Incredibly narrow waists are a hallmark for this active, often paired, wasp.
Common Thread-waisted Wasp Videos
Common Thread-waisted Wasps mating, courtesy of Aletha P. in AL
The female of this species of Common Thread-waisted Wasp does a lot of work. She digs out a burrow for her eggs in the ground. She then seeks out a caterpillar to feed to her larvae. After mating, the female brings her paralyzed caterpillar back to the burrow and buries it with her eggs. The emerging wasp larvae eat the living, but immobile caterpillar, until they pupate.
This is the only representative of this particular genus that can be found north of Mexico. The black, glossy body has a pale yellow, almost white, mark on the side of the 'torso' or thorax. The abdomen tapers to a point. Though this species can sting, it is often so busy preparing a burrow, gathering meals, and living its life that observers are unnoticed. Couples are often sighted while mating, and adults may be seen taking nectar from flowers, especially from Queen Anne's Lace.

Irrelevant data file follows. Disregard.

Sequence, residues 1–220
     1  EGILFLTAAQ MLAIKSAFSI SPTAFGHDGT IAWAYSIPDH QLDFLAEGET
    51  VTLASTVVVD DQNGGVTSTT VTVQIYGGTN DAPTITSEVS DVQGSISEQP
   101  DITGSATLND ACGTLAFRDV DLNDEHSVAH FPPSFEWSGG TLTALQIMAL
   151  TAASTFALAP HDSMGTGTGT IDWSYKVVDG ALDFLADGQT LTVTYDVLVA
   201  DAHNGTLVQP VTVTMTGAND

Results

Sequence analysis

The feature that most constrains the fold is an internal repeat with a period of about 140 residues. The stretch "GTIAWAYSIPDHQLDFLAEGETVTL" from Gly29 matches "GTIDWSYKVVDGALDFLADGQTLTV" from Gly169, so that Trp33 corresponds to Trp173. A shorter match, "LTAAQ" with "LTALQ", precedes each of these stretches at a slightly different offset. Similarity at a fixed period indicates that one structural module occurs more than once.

Note: An insect's reach is not limited by lines drawn on a map and therefore species may appear in areas, regions and/or states beyond those listed above as they are driven by environmental factors (such as climate change), available food supplies and mating patterns. Grayed-out selections indicate that the subject in question has not been reported in that particular territory. U.S. states and Canadian provinces / territories are clickable to their respective bug listings.
Ant, Bee, and Wasp Anatomy
Antennae: Ants and Bees both have a pair of antennae on the head that senses their surroundings.
Head: The head contains the insect's compound eyes, antennae, and mandibles.
Thorax: Contains various vital parts such as the aorta and nervous system.
Abdomen: Contains various organs including the heart, gut, venom glands, and anus.
Legs: Ants and Bees have three pairs of legs attached to the thorax (center-body section).
NOTE: Ants, Bees and Wasps are part of the Hymenoptera order because they share many similarities.